However, Abrams’ support boiled down to his belief that Raisi represents “the true face of the Islamic Republic, while Rouhani is a façade.” According to Abrams, elevating a hardliner like Raisi would bring the Islamic Republic closer to collapse and provide a “clearer view” of the nature of the regime. Such an understanding would make it easier to advance the pressure policies that Abrams and his like-minded compatriots favored, regardless of their interlocutor in Iran and what could be achieved through diplomacy.
While by all accounts, Pedro Castillo won the second round presidential elections, his adversary has refused to concede, and many fear that tensions could escalate with the help of Peru’s loyal right and the newly appointed US ambassadorThe Coup Taking Place in Peru
It is not accidental that the Wall Street Journal author, Michael R. Gordon, was the same man who, along with Judith Miller, wrote the September 8, 2002 article asserting Iraqi President Saddam Hussein was seeking to build a nuclear weapon. The claim was a lie, funnelled to the pair by the office of Republican Vice President Dick Cheney. But before it could be irrefutably discredited, it had served its purpose in politically legitimising the Iraq war and occupation that has killed over a million people.
Likewise, the main public “intelligence” proponent of the Wuhan lab conspiracy in Britain is former MI6 chief Sir Richard Dearlove. He first made the claim in a Telegraph podcast in June 2020, shortly after Trump’s secretary of state, Mike Pompeo, said he had “enormous evidence” to back this up, before quickly backtracking.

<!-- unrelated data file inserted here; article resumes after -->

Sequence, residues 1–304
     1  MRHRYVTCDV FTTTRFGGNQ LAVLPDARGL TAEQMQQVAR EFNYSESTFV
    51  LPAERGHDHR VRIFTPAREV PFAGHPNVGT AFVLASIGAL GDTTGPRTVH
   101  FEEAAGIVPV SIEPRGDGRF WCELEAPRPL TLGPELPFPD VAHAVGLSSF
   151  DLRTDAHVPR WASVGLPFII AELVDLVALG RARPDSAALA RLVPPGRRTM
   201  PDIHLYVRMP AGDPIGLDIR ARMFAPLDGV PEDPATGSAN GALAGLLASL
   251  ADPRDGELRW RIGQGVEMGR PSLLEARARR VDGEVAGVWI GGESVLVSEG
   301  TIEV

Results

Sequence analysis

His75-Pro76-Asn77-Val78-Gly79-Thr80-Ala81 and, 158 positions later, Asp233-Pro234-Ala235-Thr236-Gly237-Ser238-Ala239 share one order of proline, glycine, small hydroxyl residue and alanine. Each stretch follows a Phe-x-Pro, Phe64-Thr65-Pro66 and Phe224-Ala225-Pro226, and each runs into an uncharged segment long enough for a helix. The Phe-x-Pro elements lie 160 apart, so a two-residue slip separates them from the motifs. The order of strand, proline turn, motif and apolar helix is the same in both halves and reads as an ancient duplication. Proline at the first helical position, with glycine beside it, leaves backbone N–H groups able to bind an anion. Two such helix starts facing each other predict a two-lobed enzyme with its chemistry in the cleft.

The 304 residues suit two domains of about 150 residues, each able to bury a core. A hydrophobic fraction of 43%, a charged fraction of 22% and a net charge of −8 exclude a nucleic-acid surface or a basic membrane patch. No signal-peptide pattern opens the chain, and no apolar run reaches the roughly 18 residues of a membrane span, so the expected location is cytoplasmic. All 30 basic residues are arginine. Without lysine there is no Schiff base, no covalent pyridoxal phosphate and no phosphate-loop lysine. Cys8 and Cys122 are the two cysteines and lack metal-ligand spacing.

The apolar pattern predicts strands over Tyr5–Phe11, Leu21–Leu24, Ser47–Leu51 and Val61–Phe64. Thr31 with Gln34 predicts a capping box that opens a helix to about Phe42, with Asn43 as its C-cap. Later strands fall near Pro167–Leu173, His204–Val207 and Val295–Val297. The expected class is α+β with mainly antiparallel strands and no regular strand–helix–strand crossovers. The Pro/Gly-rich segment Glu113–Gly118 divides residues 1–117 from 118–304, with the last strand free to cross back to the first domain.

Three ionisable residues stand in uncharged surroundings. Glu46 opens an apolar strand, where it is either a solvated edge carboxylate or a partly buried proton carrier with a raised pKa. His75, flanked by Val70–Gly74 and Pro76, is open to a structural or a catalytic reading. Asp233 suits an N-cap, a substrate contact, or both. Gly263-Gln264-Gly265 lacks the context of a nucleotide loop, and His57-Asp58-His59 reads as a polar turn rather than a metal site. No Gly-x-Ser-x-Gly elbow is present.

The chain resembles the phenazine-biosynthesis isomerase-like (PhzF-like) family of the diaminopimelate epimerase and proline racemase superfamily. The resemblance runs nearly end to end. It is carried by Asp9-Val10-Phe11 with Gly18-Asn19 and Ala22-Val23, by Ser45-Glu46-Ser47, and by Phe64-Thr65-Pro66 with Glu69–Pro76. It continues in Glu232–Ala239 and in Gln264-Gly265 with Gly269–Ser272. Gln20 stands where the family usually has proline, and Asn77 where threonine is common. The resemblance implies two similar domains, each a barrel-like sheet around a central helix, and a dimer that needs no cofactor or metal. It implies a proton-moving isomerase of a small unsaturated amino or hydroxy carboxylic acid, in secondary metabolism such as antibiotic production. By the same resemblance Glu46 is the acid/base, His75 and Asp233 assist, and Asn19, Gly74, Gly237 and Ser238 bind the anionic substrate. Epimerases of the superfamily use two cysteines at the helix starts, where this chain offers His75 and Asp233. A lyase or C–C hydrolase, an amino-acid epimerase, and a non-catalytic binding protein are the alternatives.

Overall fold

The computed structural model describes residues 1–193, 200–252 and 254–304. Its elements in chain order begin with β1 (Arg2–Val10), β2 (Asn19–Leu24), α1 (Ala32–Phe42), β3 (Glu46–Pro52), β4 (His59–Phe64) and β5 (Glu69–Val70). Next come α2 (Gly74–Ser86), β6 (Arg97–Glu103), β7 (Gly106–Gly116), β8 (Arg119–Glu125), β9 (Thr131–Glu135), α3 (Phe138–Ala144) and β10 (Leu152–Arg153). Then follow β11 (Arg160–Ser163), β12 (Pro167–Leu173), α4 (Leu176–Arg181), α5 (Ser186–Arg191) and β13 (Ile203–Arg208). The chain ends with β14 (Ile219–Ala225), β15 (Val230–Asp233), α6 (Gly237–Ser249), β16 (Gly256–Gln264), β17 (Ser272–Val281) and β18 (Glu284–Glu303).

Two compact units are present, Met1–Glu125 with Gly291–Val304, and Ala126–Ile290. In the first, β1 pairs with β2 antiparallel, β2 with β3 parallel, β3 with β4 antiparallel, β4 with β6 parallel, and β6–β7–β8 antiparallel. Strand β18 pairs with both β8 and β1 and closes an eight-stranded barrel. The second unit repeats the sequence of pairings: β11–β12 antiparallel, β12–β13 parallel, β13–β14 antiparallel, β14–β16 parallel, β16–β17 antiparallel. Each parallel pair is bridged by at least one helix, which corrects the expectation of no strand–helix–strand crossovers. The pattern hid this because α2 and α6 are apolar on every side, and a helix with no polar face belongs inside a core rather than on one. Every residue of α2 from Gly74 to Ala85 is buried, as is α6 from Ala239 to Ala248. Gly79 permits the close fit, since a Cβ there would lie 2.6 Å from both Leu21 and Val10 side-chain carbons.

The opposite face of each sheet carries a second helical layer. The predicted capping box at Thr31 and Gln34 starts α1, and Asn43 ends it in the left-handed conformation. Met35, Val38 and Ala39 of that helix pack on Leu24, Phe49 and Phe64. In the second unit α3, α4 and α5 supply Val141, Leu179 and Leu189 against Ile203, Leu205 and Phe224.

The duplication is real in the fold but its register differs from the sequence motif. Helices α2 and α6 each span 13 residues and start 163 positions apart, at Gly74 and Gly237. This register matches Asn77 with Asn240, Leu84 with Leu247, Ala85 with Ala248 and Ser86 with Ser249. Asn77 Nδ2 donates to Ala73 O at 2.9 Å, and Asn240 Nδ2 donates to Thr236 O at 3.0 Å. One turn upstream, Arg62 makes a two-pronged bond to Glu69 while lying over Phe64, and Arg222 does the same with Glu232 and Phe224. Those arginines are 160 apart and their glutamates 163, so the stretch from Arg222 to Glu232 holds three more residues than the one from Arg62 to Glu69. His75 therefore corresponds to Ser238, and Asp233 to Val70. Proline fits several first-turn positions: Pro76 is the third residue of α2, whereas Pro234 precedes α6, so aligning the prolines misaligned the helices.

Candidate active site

As I’ve pointed out, before:
Dalgleish/Sorensen published a prior study, blaming China, which was rejected twice before eventually being published in Cambridge University’s Quarterly Review of Biophysics Discovery. One of the authors, John Fredrik Moxnes (who asked to have his name removed) has ties to the Norwegian military. Sir Richard Dearlove (former head of MI6), featured in this article, graduated from Cambridge University, himself* (Original article is behind a paywall)
QRB Discovery is published by Cambridge University Press, despite what the Telegraph article stated (were they hiding something?!).
*Cambridge University seems to be a recruiting ground for MI5/MI6.
What they missed:
A week later, the Australian Broadcasting Corporation’s Media Watch debunked the story with a roundup of reporting on the many holes in Markson’s work. According to its report, GNews was one of the earliest reported adopters of the conspiracy theory based on the discredited 2015 book.
The debunk explained that “a host of China experts say the book is not outlining China’s plans for biowarfare” but rather “it’s looking at defense against Western attacks, which it claims have already started.” Media Watch also noted that the document Markson based her reporting on is a readily available book that can be purchased online.